- A report by the University of Sheffield in the UK states that audits of supply chains merely skim the surface, achieving little to no effect for those at risk, Forbes reported Monday.
- Audits frequently fit a pre-determined narrative that is shaped by the company, which means that any information revealed through the audit will likely minimize any form of non-compliance and fail to identify weaknesses.
- Investigative journalism has proven to be one of the most effective ways of uncovering supply chain abuses. Journalists who can and will take the time to observe and uncover violations without the need to serve the corporation or adhere to any of the inconsistent audit standards.
Audits usually fail to achieve change for the same reasons, with or without a company's tacit approval.
Auditing firms go only as far as the company that pays them requests. Often this means that only the practices of healthy Tier 1 suppliers are examined, leaving a trail of countless sub or sub-sub contractors thriving in the dark. For example, a recent audit at REI involved only Tier 1 suppliers, which made up a mere 27% of the supply chain, leaving the rest of the chain unobserved, which is often the place where the true violations, including forced labor and child laborers, exist.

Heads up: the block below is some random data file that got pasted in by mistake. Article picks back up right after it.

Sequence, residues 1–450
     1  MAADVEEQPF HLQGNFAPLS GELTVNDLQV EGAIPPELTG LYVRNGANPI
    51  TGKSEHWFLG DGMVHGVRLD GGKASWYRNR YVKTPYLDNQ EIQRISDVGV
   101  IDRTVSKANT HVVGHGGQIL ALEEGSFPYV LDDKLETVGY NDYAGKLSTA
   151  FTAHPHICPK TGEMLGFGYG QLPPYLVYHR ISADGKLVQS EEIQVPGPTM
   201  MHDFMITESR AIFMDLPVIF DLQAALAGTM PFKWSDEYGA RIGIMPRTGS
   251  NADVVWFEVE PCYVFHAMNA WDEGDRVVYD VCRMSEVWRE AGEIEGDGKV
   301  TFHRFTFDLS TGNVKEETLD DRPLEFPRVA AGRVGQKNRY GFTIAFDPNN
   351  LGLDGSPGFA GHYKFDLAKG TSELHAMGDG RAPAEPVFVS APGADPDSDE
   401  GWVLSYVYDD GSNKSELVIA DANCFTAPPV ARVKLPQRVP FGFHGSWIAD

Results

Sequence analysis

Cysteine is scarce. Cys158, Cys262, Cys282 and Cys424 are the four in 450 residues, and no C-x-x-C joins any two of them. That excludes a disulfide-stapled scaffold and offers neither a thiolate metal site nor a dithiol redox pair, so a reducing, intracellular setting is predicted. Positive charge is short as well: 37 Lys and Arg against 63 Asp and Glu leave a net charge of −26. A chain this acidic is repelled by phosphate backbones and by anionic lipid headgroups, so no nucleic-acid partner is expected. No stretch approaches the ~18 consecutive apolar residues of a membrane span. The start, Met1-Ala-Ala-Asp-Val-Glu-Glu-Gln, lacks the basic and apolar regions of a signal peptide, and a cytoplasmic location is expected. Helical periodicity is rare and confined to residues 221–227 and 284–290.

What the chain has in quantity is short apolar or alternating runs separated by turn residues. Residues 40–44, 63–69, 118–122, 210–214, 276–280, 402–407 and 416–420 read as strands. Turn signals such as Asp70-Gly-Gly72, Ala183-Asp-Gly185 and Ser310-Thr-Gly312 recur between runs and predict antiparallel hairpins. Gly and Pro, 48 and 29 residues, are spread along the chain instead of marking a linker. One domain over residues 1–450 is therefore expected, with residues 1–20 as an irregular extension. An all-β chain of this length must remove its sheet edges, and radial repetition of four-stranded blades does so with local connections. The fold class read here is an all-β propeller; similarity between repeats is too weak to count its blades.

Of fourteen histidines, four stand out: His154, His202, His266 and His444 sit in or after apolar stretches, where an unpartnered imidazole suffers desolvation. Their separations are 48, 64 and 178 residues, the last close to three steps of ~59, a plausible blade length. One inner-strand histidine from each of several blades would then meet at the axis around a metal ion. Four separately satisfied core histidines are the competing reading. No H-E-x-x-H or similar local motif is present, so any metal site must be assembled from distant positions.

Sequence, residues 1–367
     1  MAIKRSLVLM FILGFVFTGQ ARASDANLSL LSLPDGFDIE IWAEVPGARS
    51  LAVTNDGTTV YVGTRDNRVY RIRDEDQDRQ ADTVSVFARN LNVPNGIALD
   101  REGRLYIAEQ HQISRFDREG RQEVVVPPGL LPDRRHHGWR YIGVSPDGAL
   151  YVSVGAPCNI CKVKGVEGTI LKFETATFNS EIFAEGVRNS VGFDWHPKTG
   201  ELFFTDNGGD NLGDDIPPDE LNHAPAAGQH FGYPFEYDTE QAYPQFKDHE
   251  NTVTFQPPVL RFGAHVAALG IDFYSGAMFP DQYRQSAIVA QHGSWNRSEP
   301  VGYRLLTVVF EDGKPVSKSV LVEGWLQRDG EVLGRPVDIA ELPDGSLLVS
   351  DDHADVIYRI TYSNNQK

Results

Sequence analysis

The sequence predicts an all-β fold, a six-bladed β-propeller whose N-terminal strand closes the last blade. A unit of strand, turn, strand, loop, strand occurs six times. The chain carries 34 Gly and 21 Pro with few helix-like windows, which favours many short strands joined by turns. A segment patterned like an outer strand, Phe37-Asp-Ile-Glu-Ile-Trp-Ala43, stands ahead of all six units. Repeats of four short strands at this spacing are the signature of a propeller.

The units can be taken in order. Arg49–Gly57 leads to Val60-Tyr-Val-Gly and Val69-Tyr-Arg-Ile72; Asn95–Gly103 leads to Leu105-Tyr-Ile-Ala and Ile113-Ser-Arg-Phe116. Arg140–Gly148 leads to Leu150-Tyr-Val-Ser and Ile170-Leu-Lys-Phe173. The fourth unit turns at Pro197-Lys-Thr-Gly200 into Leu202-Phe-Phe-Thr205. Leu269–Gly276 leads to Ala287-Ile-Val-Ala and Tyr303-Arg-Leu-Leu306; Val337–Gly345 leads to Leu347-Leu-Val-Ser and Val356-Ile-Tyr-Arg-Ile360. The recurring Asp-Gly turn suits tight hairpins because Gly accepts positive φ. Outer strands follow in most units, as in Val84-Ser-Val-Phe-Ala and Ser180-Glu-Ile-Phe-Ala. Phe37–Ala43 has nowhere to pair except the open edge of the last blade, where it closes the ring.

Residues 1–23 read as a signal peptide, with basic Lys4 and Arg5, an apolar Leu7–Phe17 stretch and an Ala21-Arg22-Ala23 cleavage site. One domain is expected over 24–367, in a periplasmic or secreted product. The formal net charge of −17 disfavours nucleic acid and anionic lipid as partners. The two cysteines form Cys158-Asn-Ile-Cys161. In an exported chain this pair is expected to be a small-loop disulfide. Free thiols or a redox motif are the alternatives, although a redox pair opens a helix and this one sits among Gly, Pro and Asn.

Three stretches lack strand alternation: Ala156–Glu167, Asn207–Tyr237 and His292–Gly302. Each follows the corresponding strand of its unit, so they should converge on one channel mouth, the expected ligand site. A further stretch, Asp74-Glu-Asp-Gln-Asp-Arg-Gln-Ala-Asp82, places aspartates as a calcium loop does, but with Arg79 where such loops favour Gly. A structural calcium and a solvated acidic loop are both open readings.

Furthermore, pre-announced audits that allow workers to receive coaching on what to or not so say, strict confidentiality rules between the company and its auditor and unverifiable discoveries of wrongdoing all are part of the faulty current process of auditing. Lastly, auditors merely advise companies on how to make improvements, regardless of what they discover, but have no actual impact on forcing those companies to take action.
Audits are supposed to be one part of solving the problem, but are useless if not coupled with other measures. Standardization of rules and regulations, involvement and empowerment by local law enforcement, and most importantly, enforcement and impartiality need to become part of the process.